Things used to be so easy, with easy address having a single bin that was collected weekly. These days it’s far more complicated to remember off the top of your head – another reason why the bin collections calendars are so important.
Typically, you’ll have at least two bins, one for general waste and one for recycling, but in most areas there are now more.
The most common arrangement is that now general waste is collected no more often than once a fortnight, with recycling bins being emptied in the other weeks, but every area has its own nuances. It’s very common that paper bins and glass and plastics are collected once a month.
If you get this wrong, you’ll probably find the collections crew have noted your error, and will know that they don’t have to come back even if you claim they’re in the wrong.
The Wrong Rubbish In The Bin
While general waste bins will usually be emptied regardless of their contents, recycling is less straightforward. If you’ve absent mindedly chucked paper in the card bin or vice versa, you may find it’s spotted as the truck comes around.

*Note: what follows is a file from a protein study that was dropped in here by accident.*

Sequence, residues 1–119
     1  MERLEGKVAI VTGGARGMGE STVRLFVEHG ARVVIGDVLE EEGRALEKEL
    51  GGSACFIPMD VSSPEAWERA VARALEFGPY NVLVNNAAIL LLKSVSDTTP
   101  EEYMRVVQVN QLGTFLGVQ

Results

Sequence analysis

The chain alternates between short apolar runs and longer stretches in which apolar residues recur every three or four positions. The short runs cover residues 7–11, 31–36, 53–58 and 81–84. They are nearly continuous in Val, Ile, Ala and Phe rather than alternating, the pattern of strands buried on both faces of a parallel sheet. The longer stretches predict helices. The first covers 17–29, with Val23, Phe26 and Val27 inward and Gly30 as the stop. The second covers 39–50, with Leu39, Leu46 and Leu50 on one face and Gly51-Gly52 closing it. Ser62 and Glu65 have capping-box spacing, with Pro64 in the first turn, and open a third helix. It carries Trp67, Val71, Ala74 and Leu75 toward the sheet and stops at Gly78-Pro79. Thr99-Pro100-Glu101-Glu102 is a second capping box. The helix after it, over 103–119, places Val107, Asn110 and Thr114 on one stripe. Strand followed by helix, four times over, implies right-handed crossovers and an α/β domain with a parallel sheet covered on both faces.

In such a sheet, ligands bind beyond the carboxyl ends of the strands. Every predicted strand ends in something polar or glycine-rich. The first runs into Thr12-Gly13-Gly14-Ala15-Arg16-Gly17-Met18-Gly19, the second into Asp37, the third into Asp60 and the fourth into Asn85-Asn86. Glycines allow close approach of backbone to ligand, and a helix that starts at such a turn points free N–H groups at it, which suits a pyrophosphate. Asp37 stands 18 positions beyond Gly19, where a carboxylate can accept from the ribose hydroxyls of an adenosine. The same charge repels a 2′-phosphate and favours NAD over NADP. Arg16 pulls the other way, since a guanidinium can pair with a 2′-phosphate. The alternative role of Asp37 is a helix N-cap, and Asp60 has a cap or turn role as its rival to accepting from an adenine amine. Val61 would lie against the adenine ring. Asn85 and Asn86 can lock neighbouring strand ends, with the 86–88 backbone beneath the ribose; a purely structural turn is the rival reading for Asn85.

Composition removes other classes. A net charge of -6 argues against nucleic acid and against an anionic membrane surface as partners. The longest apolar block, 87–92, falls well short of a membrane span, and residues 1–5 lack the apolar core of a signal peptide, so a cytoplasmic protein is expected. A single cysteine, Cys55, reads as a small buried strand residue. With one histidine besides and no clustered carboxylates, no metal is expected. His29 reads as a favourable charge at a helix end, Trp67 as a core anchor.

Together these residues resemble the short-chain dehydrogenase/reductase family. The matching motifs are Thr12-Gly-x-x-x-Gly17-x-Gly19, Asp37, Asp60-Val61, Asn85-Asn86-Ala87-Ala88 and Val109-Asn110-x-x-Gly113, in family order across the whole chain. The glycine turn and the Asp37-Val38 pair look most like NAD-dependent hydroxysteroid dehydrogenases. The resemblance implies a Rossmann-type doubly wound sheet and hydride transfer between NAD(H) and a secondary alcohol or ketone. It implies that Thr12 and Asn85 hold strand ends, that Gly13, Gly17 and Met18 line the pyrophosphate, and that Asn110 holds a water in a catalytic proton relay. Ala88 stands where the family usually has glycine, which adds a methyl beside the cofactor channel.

Most councils provide stickers to indicate that the bin contents is ‘contaminated’. It’s quite an aggressive way of saying there’s stuff in there that shouldn’t be, but the end result is the same – the bin wasn’t emptied.
In this case too, that means they’ll have documented that they tried to collect your bin and something was wrong, so likely won’t be back for that day’s waste until the next scheduled collection day.
The test for most council areas is that the lid of your bin must be fully closed to be collected. That’s a fairly simple measure, yet you’ll often see households trying their luck. Admittedly, most bin crews will turn a blind eye and still go ahead and collect as normal.
The official line for most areas is that bins will not be collected if they’re overfilled (not closed or excessively heavy), while some will ask their team to remove a bag or two where possible, empty the bin and leave the excess waste in the bin for next time. It might seem a little ridiculous to leave part of the waste, but if everyone does that, it means the lorry has to return to base more often to empty, meaning the round takes a lot longer to complete.
The Bin Was Missing/Hidden